Thursday, October 8, 2009

After Man: A Zoology of the Future

I've been on a history of life kick lately, rereading a ton of books like "The Long Road to Man" by Robert L. Lehrman, one of the best books ever written about human evolution.

And it means going back to what has to be my all time favorite, "After Man: A Zoology of the Future," a book that takes what is currently known about the laws of evolution and makes educated guesses about the flora and fauna of the future.

The book is painted and fully illustrated and describes the strange way life has evolved after human beings, with fully-accurate scientific speculations about the direction life might take, like penguins the size of whales with bahleen-strained beaks, or a swimming monkey with froglike legs and webbed feet and hands that grabs fish.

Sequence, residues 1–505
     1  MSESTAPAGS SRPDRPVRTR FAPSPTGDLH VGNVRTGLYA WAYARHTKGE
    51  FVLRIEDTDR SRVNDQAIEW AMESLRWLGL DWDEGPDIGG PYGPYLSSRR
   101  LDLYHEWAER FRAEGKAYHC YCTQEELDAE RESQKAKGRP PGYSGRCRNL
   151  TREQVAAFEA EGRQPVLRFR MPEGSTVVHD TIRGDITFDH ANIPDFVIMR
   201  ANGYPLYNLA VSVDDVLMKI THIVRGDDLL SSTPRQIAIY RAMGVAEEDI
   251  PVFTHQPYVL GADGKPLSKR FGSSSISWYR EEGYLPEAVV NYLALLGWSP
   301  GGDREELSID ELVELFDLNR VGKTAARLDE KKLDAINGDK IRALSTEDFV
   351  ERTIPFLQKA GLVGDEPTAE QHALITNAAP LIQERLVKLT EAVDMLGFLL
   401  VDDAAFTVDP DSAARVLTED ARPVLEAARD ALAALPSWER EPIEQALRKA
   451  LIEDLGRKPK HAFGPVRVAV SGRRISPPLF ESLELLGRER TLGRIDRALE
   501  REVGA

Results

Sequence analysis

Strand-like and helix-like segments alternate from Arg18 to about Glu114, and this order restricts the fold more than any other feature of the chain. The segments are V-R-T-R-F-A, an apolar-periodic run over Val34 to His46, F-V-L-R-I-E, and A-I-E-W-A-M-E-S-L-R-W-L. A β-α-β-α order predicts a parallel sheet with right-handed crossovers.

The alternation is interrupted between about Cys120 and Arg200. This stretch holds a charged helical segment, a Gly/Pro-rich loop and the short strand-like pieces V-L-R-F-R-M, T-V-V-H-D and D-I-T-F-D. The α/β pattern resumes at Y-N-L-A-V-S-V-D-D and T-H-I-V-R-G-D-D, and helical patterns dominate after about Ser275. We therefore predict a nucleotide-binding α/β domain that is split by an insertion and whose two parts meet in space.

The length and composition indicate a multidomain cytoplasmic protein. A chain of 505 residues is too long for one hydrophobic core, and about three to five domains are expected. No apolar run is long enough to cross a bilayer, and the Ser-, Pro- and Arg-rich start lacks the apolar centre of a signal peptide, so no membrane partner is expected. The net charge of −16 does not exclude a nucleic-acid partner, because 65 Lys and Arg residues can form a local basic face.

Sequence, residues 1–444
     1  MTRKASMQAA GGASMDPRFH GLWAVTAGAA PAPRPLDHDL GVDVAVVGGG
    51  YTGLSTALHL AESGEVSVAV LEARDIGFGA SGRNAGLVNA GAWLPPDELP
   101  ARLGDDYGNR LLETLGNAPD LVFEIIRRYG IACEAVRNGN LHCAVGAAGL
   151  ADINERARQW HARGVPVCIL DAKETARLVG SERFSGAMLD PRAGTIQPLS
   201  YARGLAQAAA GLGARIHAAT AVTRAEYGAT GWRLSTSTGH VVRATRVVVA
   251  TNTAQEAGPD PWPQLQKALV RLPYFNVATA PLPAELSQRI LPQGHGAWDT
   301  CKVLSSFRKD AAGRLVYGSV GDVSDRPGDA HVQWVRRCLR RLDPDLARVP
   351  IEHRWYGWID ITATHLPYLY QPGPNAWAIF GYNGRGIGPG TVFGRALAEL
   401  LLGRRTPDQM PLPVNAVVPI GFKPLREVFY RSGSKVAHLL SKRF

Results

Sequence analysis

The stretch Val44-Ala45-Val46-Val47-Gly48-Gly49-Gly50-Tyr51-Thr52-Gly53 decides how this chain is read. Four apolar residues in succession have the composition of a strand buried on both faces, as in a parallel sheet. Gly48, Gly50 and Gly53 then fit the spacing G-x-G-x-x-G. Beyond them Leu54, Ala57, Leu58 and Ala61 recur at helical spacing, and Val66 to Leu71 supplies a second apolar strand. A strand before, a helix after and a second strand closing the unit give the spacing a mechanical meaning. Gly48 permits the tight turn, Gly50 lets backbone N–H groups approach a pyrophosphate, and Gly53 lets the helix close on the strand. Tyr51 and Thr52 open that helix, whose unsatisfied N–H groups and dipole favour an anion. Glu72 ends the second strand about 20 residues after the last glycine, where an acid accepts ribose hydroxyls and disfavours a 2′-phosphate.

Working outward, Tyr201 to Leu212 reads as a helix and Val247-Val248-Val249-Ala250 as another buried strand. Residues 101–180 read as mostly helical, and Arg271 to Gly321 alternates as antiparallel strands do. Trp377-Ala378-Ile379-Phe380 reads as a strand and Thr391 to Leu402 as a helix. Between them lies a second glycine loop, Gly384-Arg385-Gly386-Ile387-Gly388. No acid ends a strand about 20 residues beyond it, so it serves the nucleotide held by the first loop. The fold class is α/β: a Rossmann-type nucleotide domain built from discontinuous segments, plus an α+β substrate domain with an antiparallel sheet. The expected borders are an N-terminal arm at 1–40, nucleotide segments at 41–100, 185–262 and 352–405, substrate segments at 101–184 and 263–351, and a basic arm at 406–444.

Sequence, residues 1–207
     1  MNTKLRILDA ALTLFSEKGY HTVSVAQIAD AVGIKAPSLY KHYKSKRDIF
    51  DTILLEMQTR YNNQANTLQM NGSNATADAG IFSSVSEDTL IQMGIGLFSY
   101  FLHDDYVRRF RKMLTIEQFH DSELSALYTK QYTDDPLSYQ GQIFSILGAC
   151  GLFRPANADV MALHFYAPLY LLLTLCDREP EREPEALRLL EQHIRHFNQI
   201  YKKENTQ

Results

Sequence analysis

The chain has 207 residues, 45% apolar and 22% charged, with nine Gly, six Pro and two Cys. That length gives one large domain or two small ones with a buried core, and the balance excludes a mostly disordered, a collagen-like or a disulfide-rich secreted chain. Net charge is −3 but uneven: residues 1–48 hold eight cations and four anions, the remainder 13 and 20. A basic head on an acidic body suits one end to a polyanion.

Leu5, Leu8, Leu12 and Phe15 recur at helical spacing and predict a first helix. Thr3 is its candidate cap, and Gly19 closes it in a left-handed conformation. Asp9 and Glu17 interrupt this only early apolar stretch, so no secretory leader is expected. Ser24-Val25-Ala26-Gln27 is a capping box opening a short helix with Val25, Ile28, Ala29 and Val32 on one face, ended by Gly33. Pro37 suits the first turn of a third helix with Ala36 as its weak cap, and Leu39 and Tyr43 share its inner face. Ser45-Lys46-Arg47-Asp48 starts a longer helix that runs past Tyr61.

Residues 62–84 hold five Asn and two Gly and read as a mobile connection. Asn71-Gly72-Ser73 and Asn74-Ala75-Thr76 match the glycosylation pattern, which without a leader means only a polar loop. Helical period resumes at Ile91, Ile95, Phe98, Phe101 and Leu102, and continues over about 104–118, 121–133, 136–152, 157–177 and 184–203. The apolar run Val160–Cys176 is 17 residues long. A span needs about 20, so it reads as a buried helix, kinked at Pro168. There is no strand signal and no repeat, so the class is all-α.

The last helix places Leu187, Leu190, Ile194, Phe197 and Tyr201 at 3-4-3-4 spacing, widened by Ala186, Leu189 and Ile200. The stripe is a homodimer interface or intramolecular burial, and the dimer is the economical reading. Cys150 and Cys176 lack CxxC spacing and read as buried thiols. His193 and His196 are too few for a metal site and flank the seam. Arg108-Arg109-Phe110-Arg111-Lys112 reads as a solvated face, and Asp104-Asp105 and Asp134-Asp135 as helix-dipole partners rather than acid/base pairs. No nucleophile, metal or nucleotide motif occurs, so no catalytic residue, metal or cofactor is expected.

By far the weirdest speculation was the idea that, eventually a predator would emerge to claim the last mostly predator-free ecosystem, the treetops, where monkeys live happily and nature can slack off with useless mammals like the sloth.

The striger was a nightmare, a jungle cat with the body of a monkey. I love the idea of a treetop predator shocking the monkeys out of their aloof complacency. Take that, suckers!

If you find this in your library, don't hesitate to check it out...or buy it. It's the sort of book that you want close by to periodically reread.


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